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Lucky us.

Increasingly, my friends in academia are talking a lot about the role of “luck” in success.   Granted, in any and all success stories there tends to be a luck component – the serendipitous meeting, the unexpected opportunity, the “accident” that turned to yield something interesting.   Most of the people I know are honest that luck does play a role in success particularly when one follows up on the lucky break with hard work.

But the current discussion about luck is not about these chance opportunities that favor someone for no identifiable reason.     Rather, the main point of the seemingly out of nowhere interest on luck and success appears to be more about how attitudes about luck differentiate liberals from conservatives.    Successful liberals are more likely to think of themselves as lucky while successful conservatives are more likely to consider their success self-made.    The two different perspectives are reflected in:

https://www.theatlantic.com/magazine/archive/2016/05/why-luck-matters-more-than-you-might-think/476394/  and https://www.forbes.com/sites/ricksmith/2014/08/18/skill-effort-or-luck-which-is-more-important-for-success/#5e7599a49ba8

Recently I was confronted with this question about the role luck has played in my life and career.   I realized I tended to acknowledge the role of luck (e.g. being in the right place at right time) while also considering hard work, sacrifice, and the choices made along the way as major contributing factors.    The friend who posed the question told me she included in the “luck” side of the equation – being born white, being born middle-class, and being born in the US.    And suddenly it hit me … ah, this is a “trick” question in the academic sense of the term.  Just as knowing the tricks and strategies for ‘acing’ certain tests gives individuals in the know an advantage over the naïve, non-academics and conservatives answering this question when surveyed or polled most likely don’t know that they are weighing the contributions of luck and hard-work without having the baseline explained to them.   They may not think of these different factors in their personal calculations.   I know that I interpreted the question as this balance of happy accidents and initiative.   I would not have thought to add – oh the luck of being healthy, the luck of being tall, or all the sundry attributes we are born with.   But once made aware -I was more than willing to accept that we do all have different starting lines.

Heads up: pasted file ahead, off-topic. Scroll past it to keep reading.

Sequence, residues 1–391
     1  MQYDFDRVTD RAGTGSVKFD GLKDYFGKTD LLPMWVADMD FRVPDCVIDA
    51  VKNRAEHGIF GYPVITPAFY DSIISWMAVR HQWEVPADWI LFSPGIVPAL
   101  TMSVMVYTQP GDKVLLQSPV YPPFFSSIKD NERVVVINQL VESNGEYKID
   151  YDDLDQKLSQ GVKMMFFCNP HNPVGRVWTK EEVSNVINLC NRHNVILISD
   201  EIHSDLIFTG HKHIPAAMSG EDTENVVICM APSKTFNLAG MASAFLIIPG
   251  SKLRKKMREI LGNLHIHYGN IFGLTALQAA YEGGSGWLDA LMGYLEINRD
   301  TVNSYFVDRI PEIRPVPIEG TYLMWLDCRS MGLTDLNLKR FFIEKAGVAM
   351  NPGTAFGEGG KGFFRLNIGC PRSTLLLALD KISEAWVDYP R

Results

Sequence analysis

That said – I know a lot of white, healthy, good-looking, well-educated, middle class screwups.   Luck can’t do it alone.   ( I also can’t help but point out that while academics are happy to play the luck card with respect to business success, academia still operates with the view that it’s a meritocracy and not a luck-ocracy).

Most of all – what I took away from this exchange is that maybe academics could be a little more skeptical of polls and a little more generous to those polled who may not be in on what they are really being asked.   The ongoing and expanding “gotcha game” is very useful at dividing – but to what end?